A Swift Introduction

Some of Jonathan Swifts most famous writing were satires including the well-known Gulliver’s Travels and A Modest Proposal. Swift was influenced, “by the works of the classical authors, the great ‘Ancients’ whom he revered, but it owed a great deal, as well, both to the works of friends and contemporaries like Addison, Steele, and Pope, whom he admired and collaborated with, and to the works of enemies like Defoe . . .” (Cody). A lot of his writings focus around contemporary events like English politics, or socio-economic events of Ireland. One could describe Swift as a risk-taker when it comes to pushes the boundaries on what he could write about and how. He tended to mock political officials for some of the choices that they made, like he did in A Modest Proposal. This boldness that Swift wrote with is what made him dangerous to society. “Thomas De Quincey wrote in 1847 that ‘the meanness of Swift’s nature, and his rigid incapacity for dealing with the grandeurs of the human spirit, with religion, with poetry or even with science when it rose above the mercenary practical, is absolutely appalling. His own Yahoo is not a more abominable one-sided degradation of humanity than he himself in under this aspect. . ..’” (Cody). When Pope wrote something that ruffled peoples feather, they were content with sweeping him under the rug; however, when Swift ruffled feathers, he did it in a way that people couldn’t just ignore him. I believe a lot of why people couldn’t just sweep him under the rug was because of his use of language. “His values, however were those of his age, and the Romantics and the Victorians reacted against his work even more strongly than they did against Pope’s. Pope they merely relegated to the dust-bin, but they perceived Swift, particularly the Swift who had brought Gulliver to the Country of the Houhynhynms, as a threat, and they savaged him” (Cody). According to the History of the English Language, “In the matters of language, Swift was a conservative. His conservatism was grounded in a set of political and religious, as well as linguistic, opinions” (Baugh 253). Swift was very influential because, “although [he] upheld the classics, he understood the merits of a plain English style, so long as it was not polluted by crude and careless usages” (Baugh 253). Although he had lost his reputation in his time, today, Swift is viewed as one of the greatest satirist in the English language. But despite his reputation, Jonathan Swift died a great, famous, and enormously respected man in the year 1745.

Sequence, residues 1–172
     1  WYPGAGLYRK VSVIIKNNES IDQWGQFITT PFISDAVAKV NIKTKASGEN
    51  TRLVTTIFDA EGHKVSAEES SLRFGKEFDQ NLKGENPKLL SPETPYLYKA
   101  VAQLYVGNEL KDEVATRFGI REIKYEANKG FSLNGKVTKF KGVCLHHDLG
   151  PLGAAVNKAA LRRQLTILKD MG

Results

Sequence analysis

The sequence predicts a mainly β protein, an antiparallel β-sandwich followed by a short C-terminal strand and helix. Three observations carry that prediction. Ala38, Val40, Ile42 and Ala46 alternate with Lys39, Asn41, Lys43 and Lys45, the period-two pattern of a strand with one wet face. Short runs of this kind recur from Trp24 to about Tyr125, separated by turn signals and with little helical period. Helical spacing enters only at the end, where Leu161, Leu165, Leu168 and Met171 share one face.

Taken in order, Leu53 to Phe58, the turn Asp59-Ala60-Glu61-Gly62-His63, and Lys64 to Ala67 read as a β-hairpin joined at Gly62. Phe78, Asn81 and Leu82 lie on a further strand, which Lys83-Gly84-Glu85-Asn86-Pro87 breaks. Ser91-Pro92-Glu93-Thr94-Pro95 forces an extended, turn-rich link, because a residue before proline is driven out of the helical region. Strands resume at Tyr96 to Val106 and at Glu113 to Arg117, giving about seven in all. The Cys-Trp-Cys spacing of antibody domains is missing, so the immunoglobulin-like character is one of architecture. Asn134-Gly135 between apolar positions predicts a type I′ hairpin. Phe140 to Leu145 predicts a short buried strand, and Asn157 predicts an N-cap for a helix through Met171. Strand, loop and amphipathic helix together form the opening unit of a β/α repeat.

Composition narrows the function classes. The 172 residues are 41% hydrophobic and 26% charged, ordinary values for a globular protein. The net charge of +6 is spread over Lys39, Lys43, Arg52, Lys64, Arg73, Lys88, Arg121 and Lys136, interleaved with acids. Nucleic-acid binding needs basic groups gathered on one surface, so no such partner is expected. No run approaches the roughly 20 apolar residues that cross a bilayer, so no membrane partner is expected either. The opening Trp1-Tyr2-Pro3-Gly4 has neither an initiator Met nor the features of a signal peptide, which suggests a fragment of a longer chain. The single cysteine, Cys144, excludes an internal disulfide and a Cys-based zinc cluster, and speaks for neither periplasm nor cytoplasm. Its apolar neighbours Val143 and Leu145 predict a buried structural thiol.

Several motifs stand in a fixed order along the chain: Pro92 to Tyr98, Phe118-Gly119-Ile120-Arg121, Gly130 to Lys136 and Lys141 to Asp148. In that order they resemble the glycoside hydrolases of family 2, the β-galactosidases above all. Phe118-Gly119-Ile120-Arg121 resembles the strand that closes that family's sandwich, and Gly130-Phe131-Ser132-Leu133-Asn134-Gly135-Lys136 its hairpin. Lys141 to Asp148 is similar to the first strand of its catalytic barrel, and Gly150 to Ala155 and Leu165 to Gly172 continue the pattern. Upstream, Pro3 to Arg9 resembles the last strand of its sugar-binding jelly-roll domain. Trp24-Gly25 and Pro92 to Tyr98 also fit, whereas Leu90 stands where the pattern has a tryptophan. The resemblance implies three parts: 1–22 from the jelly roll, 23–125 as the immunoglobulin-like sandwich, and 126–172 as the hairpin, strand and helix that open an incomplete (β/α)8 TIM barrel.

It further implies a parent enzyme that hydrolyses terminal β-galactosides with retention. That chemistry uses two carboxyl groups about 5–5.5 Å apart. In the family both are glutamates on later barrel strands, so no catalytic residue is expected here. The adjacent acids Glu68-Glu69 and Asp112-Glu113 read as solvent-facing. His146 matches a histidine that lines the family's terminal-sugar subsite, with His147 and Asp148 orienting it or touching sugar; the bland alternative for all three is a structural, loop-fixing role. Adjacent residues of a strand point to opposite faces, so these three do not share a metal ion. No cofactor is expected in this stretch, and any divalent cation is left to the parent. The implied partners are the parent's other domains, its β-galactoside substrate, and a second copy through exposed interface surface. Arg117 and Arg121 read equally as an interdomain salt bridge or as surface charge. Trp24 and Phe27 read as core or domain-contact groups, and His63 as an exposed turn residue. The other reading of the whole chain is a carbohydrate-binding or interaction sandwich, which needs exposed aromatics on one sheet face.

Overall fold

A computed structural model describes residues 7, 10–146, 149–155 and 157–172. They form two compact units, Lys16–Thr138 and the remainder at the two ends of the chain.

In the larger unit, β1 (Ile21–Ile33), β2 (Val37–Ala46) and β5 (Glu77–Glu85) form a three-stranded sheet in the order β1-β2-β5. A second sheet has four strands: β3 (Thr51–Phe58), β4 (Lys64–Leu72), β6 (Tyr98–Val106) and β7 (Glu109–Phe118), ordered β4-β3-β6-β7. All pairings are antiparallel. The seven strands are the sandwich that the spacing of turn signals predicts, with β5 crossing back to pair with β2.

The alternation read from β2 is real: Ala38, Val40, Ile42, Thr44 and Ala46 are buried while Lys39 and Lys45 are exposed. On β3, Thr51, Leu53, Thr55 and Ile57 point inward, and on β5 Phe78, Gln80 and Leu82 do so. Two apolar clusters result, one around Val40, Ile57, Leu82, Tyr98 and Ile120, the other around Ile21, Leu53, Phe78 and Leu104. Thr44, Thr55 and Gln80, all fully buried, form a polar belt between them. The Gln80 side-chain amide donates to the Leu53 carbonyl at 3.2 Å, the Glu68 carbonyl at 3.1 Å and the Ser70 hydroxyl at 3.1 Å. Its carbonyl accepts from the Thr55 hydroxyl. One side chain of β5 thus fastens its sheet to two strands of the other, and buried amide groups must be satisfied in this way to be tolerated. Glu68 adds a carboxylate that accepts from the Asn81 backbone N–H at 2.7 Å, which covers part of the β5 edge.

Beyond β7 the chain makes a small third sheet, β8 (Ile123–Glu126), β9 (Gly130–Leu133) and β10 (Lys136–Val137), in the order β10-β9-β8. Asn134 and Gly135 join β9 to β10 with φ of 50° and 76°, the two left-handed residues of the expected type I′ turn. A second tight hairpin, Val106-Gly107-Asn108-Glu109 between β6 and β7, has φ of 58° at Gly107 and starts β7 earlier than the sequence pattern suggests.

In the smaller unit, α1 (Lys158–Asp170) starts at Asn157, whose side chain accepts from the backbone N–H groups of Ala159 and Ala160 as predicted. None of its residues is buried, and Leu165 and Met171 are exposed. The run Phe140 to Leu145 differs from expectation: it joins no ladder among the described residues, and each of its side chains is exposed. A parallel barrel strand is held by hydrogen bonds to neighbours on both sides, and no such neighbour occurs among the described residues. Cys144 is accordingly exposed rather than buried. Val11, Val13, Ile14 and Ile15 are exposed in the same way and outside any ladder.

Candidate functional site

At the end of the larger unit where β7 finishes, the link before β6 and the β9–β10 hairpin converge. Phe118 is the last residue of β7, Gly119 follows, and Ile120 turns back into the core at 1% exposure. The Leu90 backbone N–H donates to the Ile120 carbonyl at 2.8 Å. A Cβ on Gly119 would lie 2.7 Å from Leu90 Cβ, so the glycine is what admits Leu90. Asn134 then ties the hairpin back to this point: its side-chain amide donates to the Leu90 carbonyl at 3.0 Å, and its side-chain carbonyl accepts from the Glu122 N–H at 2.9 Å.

Cody, David . “Jonathan Swift’s Sources and Influence: An Introduction.” Jonathan Swift’s Sources and Influence: An Introduction. The Victorian Web, n.d. Web. 05 Feb. 2017.

Baugh, Albert C., and Thomas Cable. A history of the English language. Abingdon, Oxon: Routledge, Taylor & Francis Group, 2013. Print.

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